An important symposium will take place Saturday, April 10, from 9 am – 2 pm, at Vermont Technical College in Randolph Center, Vermont, sponsored by The New England Wild Flower Society, The Friends of the Horticulture Farm, The Hardy Plant Club, and The Fells, North American Rock Garden Society Master Gardeners.
Three inspiring gardeners share their experience and knowledge about creating that all-important lower layer in the garden.Â Whether you are looking for tips about plants that tolerate shade under a canopy, native groundcovers that require low maintenance, or â€œsurvivalistâ€ plants that grow in alpine crevices, you will benefit from our expertsâ€™ advice at this day-long symposium.
Crevice Gardening with Anne Spiegel
Gardening first in the northeast, then moving on to the Rockies, Cascades, Wallowas and the Alps, and Dolomites in Europe, Ann is now back in the New York hills, not far from Poughkeepsie, in a dry, windy 4b zone. Her garden is on a steep area of stepped ledges, ending in a small cliff.Â Anne shares her knowledge of crevice gardening, using both wild and garden plants that thrive in her harsh conditions, where it is never possible to water.
Under the Canopy: Shade Gardening with Native Plants with Scott LaFleur
In his role as Botanic Garden Director for New England Wild Flower Society at Garden in the Woods, Scott knows that not all shade is created equal. Scott discusses the layers of a woodland garden and how to plan and plant accordingly. Discover how to look past flowers to texture, shades of green, and the interaction of light.
Groundcovers for Northeast Gardeners with Mary Crain Penniman
With a lifetime of experience in horticulture, art, botany, and environmental protection, Mary Crain shares a wealth of knowledge with her presentation on choice groundcover plants for low maintenance. The natural world gives us myriad examples of ground covering plants that New Englanders can model in their own gardens. There is a right groundcover for every place. This presentation explores the subject, asking which are the most choice plants and which are the hardest workers.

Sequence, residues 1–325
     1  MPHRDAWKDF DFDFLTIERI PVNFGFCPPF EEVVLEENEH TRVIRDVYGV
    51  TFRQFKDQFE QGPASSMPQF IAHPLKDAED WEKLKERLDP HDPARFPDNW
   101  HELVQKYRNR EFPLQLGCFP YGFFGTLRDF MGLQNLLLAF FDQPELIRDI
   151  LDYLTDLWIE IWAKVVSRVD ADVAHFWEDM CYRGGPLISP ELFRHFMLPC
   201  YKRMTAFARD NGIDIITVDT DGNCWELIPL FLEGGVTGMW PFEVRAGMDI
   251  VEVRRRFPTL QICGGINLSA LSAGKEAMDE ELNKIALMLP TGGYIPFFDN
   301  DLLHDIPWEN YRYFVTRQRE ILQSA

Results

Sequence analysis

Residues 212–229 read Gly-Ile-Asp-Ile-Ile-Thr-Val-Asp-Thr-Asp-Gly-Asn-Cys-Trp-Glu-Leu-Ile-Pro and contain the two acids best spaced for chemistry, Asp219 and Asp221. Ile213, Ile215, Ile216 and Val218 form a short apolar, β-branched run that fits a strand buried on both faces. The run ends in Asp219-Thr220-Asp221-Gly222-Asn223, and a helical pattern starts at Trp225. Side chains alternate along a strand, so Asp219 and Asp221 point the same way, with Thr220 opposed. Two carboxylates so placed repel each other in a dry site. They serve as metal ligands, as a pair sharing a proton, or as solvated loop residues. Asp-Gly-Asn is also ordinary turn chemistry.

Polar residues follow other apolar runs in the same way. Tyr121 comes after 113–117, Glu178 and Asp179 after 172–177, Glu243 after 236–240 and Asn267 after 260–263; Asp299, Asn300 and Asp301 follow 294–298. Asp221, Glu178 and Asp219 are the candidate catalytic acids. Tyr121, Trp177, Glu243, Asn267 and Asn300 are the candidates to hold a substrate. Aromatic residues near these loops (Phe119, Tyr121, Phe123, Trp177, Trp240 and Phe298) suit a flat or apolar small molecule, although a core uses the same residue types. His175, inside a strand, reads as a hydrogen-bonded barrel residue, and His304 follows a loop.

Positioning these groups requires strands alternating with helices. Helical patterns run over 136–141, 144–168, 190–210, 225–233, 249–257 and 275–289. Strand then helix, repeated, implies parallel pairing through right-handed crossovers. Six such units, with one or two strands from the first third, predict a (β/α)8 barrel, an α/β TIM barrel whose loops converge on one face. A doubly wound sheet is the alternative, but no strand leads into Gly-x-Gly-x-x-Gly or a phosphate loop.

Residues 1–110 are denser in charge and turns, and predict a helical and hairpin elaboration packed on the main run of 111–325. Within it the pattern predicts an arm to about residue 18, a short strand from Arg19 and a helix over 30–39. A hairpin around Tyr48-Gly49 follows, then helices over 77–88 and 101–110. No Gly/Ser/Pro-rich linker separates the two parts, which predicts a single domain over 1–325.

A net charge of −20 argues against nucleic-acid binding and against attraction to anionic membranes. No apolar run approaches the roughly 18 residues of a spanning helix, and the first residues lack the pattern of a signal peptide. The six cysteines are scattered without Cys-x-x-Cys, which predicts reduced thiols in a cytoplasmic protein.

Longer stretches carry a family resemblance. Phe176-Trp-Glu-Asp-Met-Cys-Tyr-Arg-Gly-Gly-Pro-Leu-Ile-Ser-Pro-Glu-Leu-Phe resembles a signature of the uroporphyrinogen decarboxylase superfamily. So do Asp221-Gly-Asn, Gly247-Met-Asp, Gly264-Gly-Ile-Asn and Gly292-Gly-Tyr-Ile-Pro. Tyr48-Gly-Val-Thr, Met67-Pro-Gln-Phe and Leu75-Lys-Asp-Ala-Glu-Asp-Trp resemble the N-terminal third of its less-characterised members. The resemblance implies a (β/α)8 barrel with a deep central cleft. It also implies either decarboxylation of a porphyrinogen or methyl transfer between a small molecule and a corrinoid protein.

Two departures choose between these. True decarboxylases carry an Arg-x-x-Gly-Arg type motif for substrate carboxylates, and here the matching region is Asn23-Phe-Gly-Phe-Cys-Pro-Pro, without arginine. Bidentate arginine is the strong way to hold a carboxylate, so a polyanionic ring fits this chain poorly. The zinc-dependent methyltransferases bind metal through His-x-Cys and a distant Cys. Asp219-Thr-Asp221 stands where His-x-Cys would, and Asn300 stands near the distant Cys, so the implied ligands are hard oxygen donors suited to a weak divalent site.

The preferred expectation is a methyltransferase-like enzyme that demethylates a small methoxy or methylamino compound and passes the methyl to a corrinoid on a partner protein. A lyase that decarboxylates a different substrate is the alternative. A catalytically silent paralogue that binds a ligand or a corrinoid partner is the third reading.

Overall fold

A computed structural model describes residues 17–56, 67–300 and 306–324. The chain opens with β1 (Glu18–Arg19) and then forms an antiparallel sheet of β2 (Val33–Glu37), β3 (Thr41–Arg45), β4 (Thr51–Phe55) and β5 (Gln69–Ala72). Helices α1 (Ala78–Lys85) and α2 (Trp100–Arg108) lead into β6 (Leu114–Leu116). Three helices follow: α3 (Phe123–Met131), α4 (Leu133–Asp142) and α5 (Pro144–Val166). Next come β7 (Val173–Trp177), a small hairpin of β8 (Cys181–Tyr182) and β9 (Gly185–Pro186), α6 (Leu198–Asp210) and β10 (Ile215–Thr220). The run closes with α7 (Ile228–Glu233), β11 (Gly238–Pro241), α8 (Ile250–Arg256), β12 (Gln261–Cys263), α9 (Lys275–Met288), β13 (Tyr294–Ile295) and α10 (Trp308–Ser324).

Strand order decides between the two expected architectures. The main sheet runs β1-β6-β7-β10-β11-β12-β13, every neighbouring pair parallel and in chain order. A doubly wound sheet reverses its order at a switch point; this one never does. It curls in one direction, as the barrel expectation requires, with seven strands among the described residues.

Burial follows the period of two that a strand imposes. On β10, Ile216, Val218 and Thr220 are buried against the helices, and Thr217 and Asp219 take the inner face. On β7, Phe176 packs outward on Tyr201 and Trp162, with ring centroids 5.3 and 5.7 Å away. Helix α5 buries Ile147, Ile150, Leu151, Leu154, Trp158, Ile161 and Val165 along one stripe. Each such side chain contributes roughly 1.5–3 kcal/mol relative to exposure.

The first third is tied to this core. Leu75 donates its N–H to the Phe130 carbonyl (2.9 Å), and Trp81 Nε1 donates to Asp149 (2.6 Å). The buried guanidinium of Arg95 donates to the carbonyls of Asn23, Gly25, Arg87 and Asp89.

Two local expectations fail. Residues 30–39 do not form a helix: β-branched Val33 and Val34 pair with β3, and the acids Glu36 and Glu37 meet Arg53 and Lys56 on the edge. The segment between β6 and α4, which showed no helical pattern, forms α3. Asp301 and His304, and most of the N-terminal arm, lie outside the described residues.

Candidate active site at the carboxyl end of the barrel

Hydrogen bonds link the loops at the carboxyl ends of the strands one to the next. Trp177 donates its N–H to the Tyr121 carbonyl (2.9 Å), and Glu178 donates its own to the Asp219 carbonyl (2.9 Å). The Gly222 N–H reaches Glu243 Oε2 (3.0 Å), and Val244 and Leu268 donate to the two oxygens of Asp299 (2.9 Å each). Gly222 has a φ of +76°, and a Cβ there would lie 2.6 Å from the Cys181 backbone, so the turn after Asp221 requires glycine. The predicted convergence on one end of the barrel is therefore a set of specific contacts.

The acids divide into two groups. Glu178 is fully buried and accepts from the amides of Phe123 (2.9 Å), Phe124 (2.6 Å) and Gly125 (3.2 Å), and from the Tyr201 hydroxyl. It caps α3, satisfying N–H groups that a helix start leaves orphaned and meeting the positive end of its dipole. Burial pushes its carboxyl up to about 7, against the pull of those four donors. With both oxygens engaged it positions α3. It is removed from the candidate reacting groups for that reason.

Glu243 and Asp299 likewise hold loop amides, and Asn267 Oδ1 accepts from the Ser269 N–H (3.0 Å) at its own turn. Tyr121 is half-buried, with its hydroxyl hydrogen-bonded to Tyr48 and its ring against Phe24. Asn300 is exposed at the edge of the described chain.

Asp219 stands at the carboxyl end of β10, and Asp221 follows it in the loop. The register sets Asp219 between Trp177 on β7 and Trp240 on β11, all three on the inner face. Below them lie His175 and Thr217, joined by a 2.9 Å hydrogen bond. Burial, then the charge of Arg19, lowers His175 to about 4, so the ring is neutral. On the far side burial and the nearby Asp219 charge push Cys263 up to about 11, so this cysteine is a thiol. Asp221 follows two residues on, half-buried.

About the Speakers:
With her wide ranging experience, gardening in high rocky places around the US and Europe, Anne brings a wealth of information to those interested in growing plants in challenging spots. Active in the North American Rock Garden Society (NARGS) since 1984, she is one of their most highly recommended lecturers. Â Anne has taught at the New York Botanical Garden, is past president of the Berkshire Chapter of NARGS and has taught Master Gardener classes as well.
Now Botanic Garden Director at New England Wild Flower Society, Scott started his own horticultural business following formal education at UNH.Â He went on to develop and implement a $1.5 million master plan for a 145-acre Vermont farm, which encompassed ponds, a three-mile trail system, numerous gardens, a greenhouse, and the reshaping of over 60 acres of rocky hillside into rolling green hills. Scott deftly used native plant materials and ecological design that handled the siteâ€™s challenging climate and 1,700-foot elevation.Â At Garden in the Woods, Scott worked with visiting artists and designers to install innovative special exhibits such as ROCK ON in 2006, and ART GOES WILD in 2007. The â€œIdea Gardenâ€ from ART GOES WILD, with roof plantings on a garden shed and sedge replacing lawn has been a huge success.
Mary Crain Penniman
After beginning studies in art and botany, Mary Crain earned a BS in amenity horticulture then headed to England for an apprenticeship and studies with the Royal Horticultural Society at Wisley Gardens and the University of London.Â After a Project at Callaway Gardens, more studies at Conway School of Landscape Design, Mary Crain worked for Mass. Department of Environmental Protectionâ€™s Office of Watershed Management conducting habitat evaluation and field reconnaissance around sensitive resources for over 10 years. In 2002 she launched her landscape design business, which is focused on residential â€˜whole siteâ€™ planning, often involving environmental elements such as wetland or woodland restoration. Naturalistic plantings combined with traditional stone masonry around antique properties is her design practice speciality.
The spring symposium is presented by The Vermont-New Hampshire Chapter of The New England Wild Flower Society and will be held Saturday, April 10, 2010 at Vermont Technical College in Randolph Center VT, which is located at exit 4 off Interstate 89.
The fee which includes lunch, free parking and the symposium packet, is $53 for non-members and $47 for members of the cosponsoring organizations:Â The Friends of the Horticulture Farm, the Hardy Plant Club, The Fells North American Rock Garden Society, Master Gardeners and New England Wild Flower Society.
TO REGISTER please send your check, payable to NEWFS-VT (preferred) or Visa or Master Card number and expiration date, with your name, address, phone number and e-mail address (for confirmation and directions) all clearly written to Thelma Hewitt, PO Box 2333, New London, NH 03257.Â Â No refunds after April 1.